The Curious Case of… recovering from a ransomware attack

(The Curious Case of… used to be part of our bi-weekly newsletter but we decided to make it a regular blog post instead so it can sometimes be more frequent. It covers something interesting one of us encountered when working with a client, doing some testing, or were asked in a random question from the community.)

Several times a year, and most recently a couple of weeks ago, we are contacted by an unfortunate company that’s been the victim of a ransomware attack. In each case, either they negotiated and were given some decrypted database files, or went through a third-party specialist that decrypted some databases. Invariably, the encryption/decryption process did not preserve the database files as  they were before the attack and SQL Server won’t recognize them.

There are a variety of errors I’ve seen, including:

Msg 824, Level 24, State 6, Line 1
SQL Server detected a logical consistency-based I/O error: incorrect checksum. It occurred during a read of page (1:0) in databases. This is a severe error condition that threatens database integrity and must be corrected immediately.

(which is a corrupt file header page)

Msg 5028, Level 16, State 5, Line 1
The system could not activate enough of the database to rebuild the log.

(when trying to use emergency mode repair to build a new log)

Msg 8998, Level 16, State 2, Line 1
Page errors on the GAM, SGAM, or PFS pages prevent allocation integrity checks in database ID XX pages from (1:YY) to (1:YY+8087). See other errors for cause.
Msg 8921, Level 16, State 1, Line 1
Check terminated. A failure was detected while collecting facts. Possibly tempdb out of space or a system table is inconsistent. Check previous errors.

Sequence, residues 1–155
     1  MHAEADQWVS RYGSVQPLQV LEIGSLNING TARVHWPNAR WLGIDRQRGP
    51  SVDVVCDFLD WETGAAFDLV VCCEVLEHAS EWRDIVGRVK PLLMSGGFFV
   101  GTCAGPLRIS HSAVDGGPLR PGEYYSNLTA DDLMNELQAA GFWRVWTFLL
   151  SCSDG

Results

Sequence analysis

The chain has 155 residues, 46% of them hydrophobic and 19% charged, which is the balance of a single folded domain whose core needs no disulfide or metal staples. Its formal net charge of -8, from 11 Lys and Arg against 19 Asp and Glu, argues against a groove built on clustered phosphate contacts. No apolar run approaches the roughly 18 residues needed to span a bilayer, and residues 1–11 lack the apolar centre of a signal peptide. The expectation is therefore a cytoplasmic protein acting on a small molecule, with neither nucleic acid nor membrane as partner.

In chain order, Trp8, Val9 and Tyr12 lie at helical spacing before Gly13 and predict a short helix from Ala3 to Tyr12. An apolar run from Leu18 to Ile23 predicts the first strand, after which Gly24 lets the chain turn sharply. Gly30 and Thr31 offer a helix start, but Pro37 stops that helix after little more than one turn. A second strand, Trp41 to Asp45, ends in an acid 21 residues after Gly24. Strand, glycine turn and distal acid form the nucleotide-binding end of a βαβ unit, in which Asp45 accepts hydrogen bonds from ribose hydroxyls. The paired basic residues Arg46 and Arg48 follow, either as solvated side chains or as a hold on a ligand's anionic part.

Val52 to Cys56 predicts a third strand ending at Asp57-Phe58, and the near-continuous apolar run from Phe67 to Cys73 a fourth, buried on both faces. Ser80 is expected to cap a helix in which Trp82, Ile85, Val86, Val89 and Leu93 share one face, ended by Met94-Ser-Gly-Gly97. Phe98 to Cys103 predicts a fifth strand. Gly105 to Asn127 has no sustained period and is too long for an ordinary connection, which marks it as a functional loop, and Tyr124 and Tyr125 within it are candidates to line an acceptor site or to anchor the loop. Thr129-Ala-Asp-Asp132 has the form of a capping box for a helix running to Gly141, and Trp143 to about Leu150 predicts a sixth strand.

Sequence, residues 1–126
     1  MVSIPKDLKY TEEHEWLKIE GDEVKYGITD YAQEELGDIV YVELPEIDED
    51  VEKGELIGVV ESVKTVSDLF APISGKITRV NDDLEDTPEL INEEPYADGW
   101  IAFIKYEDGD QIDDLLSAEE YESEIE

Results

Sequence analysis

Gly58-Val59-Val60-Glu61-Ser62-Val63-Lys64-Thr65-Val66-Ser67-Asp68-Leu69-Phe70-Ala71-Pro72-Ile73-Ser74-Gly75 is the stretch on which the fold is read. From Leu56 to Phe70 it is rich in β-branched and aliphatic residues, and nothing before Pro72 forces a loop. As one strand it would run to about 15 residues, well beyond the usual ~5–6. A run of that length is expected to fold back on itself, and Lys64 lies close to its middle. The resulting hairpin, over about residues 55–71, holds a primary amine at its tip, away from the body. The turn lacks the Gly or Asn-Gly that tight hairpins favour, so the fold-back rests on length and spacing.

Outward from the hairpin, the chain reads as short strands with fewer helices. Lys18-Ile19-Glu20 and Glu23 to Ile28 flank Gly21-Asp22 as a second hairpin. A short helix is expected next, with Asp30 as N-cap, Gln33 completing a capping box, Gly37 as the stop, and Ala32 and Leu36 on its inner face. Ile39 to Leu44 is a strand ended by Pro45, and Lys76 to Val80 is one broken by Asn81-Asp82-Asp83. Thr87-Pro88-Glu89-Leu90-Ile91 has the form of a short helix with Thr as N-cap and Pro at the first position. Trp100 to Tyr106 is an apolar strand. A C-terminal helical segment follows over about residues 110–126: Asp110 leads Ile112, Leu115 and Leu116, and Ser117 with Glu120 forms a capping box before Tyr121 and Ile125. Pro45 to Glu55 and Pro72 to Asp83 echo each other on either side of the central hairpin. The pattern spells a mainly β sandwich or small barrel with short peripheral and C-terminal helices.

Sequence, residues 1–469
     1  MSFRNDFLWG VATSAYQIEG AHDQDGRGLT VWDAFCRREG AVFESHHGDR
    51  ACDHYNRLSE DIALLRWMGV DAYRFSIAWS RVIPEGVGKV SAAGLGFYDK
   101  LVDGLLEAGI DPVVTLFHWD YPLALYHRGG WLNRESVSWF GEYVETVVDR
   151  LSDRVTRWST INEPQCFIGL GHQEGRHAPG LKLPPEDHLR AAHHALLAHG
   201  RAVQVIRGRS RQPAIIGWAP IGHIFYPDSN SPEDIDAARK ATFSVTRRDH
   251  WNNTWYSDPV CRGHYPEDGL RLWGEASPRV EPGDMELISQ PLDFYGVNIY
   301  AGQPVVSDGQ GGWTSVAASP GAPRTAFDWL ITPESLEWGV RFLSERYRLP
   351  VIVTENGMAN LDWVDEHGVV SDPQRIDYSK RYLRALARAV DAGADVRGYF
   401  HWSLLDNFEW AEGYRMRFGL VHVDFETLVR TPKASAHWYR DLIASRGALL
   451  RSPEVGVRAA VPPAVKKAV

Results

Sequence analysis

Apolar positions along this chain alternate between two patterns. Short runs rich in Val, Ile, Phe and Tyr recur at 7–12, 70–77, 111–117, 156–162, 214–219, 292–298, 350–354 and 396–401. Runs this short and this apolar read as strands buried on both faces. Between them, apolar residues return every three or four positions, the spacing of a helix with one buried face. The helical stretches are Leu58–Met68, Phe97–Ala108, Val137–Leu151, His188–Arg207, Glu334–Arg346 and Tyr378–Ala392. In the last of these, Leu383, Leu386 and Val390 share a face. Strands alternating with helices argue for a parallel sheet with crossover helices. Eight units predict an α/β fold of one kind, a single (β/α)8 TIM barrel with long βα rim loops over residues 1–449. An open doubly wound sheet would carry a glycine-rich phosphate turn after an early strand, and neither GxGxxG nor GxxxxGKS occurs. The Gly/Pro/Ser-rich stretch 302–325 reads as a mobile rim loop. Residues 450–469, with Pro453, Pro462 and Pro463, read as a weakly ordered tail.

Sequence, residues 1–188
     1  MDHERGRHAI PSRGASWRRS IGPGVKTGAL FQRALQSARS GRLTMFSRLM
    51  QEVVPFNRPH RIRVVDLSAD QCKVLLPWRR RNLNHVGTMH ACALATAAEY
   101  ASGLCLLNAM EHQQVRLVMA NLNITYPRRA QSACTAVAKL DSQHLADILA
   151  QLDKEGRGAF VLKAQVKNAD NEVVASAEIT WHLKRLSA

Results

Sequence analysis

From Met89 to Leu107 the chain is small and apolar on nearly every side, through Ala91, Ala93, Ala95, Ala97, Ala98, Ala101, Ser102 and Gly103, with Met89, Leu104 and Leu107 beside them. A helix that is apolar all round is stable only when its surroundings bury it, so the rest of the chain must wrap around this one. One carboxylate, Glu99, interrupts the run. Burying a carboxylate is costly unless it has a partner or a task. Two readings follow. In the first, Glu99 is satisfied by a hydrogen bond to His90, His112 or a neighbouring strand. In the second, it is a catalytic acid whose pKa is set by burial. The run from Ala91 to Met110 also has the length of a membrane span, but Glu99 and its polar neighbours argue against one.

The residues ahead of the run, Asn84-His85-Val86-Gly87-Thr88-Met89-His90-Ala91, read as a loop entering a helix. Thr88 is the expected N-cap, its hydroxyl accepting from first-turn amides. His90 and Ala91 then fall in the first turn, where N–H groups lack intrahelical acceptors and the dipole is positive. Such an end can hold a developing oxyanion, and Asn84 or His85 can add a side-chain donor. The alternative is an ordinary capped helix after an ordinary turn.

(PFS page corruption, which cannot be repaired)
Plus things like large portions of the database files overwritten with garbage or zeroes, or the files are truncated. And of course, backups are not available or damaged.
Although the title of the post is about recovering from a ransomware attack, in 100% of the cases I’ve seen, there is no recovery. SQL Server itself can’t get past such problems, and without a prior backup to base manual recovery efforts on, it’s just not worth trying in my experience. I should say that in a small handful of cases, I’ve heard of a data-scraping tool like Stellar (which I’m not endorsing) being able to salvage a small amount of data, but those cases are rare.
Bottom line: a ransomware attack is a complete nightmare, and without secure, offsite backups, is likely to be very expensive or disastrous.

One thought on “The Curious Case of… recovering from a ransomware attack

  1. Paul, I completely agree. In my consulting days it was 100% loss of data when it came to SQL Server. Always make sure you have backups, and that you test them regularly. A wise man once taught me that…

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